Abandoned towns reality of law change
Several provincial towns in the Manawatu¯ and Rangitı¯kei regions such as Feilding, Marton and Taihape have been identified as highrisk earthquake-prone zones.
A new concept, termed priority buildings, was introduced on July 1, 2017 to accelerate the time frames for buildings that are considered to pose a higher risk to life safety, or that are critical to recovery in an emergency.
Priority buildings are certain types of buildings in high and medium seismic risk zones that are considered to present a higher earthquake risk because of their construction, type, use or location.
This gives councils within the Manawatu¯ and Rangitı¯kei regions 2.5 years to identify priority buildings, and property owners 7.5 years to strengthen or demolish these vulnerable buildings.
For other building types, councils are expected to identify earthquake-prone buildings within five years, and owners must strengthen or demolish these properties within 15 years.
Several provincial towns in New Zealand such as Feilding, Marton and Taihape contain a disproportionate amount of the building stock that are earthquake-prone.
Many owners of earthquakeprone buildings are currently confronted with a key decision regarding whether to demolish or seismically retrofit and reuse their buildings with the opportunity to meet new market demands.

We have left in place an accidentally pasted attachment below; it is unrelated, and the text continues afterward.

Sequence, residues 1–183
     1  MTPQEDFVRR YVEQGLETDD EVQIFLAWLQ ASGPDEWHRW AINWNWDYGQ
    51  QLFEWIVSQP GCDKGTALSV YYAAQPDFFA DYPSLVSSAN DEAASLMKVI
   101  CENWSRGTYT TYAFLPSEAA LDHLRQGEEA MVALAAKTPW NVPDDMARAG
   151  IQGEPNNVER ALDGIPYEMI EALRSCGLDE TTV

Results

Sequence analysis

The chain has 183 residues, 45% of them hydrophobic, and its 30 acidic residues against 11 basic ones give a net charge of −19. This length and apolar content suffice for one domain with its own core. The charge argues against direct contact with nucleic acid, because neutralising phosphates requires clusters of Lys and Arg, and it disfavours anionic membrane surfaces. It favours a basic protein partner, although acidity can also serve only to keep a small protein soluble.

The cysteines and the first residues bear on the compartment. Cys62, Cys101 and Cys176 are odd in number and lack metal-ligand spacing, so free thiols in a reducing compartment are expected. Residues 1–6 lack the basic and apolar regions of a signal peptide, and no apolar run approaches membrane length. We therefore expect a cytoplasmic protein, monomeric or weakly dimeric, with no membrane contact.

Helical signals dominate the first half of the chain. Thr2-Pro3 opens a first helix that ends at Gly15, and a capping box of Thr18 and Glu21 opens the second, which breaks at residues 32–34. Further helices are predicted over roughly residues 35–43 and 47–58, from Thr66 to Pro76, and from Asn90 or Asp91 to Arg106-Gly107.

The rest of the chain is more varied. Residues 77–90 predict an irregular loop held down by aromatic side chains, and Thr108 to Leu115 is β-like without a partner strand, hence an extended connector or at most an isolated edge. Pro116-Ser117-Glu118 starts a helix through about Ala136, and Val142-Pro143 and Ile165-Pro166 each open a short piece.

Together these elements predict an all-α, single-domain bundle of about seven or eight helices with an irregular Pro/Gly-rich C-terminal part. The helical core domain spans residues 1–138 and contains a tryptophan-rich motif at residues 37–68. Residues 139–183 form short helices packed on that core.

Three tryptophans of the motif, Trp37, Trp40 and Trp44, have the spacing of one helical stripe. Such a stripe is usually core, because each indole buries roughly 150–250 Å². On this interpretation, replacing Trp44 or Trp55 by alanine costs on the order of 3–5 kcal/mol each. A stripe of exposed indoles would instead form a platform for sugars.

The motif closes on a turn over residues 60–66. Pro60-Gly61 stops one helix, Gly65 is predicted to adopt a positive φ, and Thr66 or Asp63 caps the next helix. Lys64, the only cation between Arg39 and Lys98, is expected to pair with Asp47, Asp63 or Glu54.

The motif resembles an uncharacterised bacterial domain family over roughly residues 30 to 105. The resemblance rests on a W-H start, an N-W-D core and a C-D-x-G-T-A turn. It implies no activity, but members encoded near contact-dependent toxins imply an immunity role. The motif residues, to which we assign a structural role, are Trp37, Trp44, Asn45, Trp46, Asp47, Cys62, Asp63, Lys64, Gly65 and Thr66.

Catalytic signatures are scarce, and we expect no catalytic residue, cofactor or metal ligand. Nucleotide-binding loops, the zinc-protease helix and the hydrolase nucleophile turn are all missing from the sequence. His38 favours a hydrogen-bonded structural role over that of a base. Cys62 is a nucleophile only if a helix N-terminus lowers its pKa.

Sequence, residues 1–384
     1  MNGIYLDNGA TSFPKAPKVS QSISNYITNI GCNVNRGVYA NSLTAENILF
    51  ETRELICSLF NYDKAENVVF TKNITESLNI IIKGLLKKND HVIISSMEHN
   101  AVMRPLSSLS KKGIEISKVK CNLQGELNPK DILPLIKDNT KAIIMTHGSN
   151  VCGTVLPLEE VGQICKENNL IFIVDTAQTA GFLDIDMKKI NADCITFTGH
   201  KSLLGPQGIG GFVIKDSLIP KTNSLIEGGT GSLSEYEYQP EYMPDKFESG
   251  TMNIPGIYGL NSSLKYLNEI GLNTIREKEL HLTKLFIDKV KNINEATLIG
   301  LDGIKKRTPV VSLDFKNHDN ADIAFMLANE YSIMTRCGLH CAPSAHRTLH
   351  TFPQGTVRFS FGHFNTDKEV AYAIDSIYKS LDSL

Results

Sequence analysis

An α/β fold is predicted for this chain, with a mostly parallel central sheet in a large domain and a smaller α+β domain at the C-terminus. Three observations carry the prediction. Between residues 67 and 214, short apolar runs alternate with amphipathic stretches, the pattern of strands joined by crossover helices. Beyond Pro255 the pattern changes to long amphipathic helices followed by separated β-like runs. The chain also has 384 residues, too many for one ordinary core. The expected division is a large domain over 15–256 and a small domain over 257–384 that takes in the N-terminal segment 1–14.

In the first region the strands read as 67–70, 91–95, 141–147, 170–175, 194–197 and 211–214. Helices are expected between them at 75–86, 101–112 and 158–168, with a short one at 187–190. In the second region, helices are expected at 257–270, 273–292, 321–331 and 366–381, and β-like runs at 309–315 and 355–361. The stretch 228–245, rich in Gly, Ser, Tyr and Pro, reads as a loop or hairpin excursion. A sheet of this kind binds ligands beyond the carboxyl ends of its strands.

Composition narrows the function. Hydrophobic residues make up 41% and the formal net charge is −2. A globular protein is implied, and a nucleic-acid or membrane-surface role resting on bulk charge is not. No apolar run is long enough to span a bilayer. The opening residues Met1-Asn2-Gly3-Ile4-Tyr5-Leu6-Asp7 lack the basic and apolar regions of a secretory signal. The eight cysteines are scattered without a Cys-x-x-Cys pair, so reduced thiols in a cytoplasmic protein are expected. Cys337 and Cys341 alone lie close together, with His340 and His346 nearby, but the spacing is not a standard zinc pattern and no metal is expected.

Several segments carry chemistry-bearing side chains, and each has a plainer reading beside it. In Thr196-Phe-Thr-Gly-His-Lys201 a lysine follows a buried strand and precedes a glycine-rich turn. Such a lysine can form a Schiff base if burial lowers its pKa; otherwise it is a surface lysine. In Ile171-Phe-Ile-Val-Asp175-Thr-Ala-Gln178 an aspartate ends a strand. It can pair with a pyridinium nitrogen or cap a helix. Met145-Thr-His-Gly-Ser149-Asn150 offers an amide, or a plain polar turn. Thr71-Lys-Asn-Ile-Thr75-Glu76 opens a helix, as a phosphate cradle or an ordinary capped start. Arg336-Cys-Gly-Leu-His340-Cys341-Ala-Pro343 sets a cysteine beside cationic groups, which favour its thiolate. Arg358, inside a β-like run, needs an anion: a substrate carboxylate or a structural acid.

However, the change of use triggers compliance to new building standard, which make strengthening of these buildings uneconomical in regions where market forces are insufficient to drive the viability of strengthening in many suburban towns in New Zealand.
Some of these towns have reduced economic capacity to attract investments in property redevelopment that will lead to improved seismic strengthening of these buildings.
The implementation of the Building (Earthquake-prone Buildings) legislation in provincial towns could likely cause inflationary economic factors and town-centre decline, if not appropriately managed.
With the increasing awareness of risks posed by earthquakeprone buildings after the Canterbury and Kaikoura earthquakes, several provincial towns are likely to experience changes in the pattern of land occupation and land-use coupled with a gradual devaluation of real estate properties.
It is possible that these towns could likely experience an increased number of vacant and abandoned buildings in the CBD, loss of heritage buildings and a possible lack of market demand for older character buildings.
There is an urgent need to examine this impending problem in Manawatu¯ and Rangitı¯kei regions, and other suburban towns in New Zealand by examining alternative measures that could make retrofitting and reuse of heritage buildings commercially viable.
My research conducted under the Quakecore umbrella is currently investigating how different programmes, policy alternatives and incentives that could be combined and developed into a commercially viable and effective strategy to encourage building owners and developers to invest in seismic strengthening and adaptive reuse of heritage buildings, as well as meet the objectives/criteria of urban regeneration, historic preservation and affordable housing.
The resulting programme could then be used make a business case for public and private investments in earthquake resilience.
- Dr Temitope Egbelakin is a senior lecturer in building technology at the School of Engineering and Advanced Technology at Massey University.
Dr Temitope Egbelakin